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What Are the Side Effects of COVID-19 Vaccines?

Serious events are rare, but with reports of blood clots, allergic reactions, here’s what you need to know.

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As the coronavirus vaccine rollout continues across the country, health experts say one thing is critical for people to understand before they roll up their sleeves: The vaccines may cause side effects. 

COVID Vaccine: Potential Side Effects Explained

Three vaccines — developed by Moderna, Pfizer-BioNTech and Johnson & Johnson — have been authorized by the U.S. Food and Drug Administration (FDA) to combat the coronavirus. However on April 13, federal health officials called for a pause in the use of Johnson & Johnson's coronavirus vaccine “out of an abundance of caution.” (More on this below.) Johnson & Johnson’s vaccine is a single shot; both the Moderna and Pfizer-BioNTech vaccines require two doses.

Not everyone will experience side effects, but most people who do will have flu-like symptoms that resolve in a few days, including:

  • Injection site pain and swelling
  • Fatigue
  • Headache
  • Chills
  • Fever
  • Muscle and joint pain
  • Nausea
  • Delayed swelling, redness or a rash at the injection site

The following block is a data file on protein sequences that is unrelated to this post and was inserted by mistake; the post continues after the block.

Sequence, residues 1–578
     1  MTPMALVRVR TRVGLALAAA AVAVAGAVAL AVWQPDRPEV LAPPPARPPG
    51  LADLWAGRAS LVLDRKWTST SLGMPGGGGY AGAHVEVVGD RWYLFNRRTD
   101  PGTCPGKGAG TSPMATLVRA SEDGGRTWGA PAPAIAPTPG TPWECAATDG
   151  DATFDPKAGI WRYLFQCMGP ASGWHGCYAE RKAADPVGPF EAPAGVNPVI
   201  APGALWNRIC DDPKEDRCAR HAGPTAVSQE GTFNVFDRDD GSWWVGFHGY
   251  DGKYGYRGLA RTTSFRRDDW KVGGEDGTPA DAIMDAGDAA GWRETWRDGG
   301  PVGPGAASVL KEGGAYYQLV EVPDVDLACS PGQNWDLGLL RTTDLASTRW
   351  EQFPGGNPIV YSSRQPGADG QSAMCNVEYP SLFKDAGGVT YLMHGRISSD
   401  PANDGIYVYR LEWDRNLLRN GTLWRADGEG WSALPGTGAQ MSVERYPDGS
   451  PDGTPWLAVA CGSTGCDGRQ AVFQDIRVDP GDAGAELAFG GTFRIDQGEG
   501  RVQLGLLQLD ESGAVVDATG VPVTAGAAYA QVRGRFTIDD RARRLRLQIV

• Swollen lymph nodes (typically manifests as a lump in your armpit or above your collarbone) 
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The side effects are similar for the three vaccines and are an indication that the vaccines are helping to build protection against disease. Since you may feel under the weather, experts recommend not making any big plans for a few days after you get a dose of the vaccine. 

“Where a mistake could be made is in people being surprised or not being prepared for side effects,” says William Moss, M.D., executive director of the International Vaccine Access Center at the Johns Hopkins Bloomberg School of Public Health.

CDC data released Feb. 19 indicated that the side effects from the Moderna and Pfizer-BioNTech vaccines were as expected and not serious among the vast majority of the first 22 million people who received them. 

Side effects are a sign the vaccine is working

Side effects from vaccines are not uncommon. The seasonal flu shot, for example, can cause fever and fatigue, among other reactions. And the vaccine to prevent shingles can induce shivering, muscle pain and an upset stomach.